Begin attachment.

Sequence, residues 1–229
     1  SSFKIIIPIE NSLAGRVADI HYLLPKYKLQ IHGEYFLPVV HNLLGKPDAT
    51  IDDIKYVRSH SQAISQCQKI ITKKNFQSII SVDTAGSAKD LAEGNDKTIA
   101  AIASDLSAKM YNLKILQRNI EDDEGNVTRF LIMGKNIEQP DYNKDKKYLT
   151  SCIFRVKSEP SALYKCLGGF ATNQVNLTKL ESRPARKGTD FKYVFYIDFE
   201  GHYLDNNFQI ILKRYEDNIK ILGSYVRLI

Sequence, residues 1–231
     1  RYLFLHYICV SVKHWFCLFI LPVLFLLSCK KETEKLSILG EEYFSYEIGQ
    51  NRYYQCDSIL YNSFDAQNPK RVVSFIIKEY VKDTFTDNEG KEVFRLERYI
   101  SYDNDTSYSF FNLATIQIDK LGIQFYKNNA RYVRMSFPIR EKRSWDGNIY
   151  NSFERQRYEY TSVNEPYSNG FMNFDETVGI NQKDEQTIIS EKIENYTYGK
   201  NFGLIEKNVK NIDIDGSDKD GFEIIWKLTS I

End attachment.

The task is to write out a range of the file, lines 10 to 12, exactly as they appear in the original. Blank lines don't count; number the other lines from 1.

   101  SYDNDTSYSF FNLATIQIDK LGIQFYKNNA RYVRMSFPIR EKRSWDGNIY
   151  NSFERQRYEY TSVNEPYSNG FMNFDETVGI NQKDEQTIIS EKIENYTYGK
   201  NFGLIEKNVK NIDIDGSDKD GFEIIWKLTS I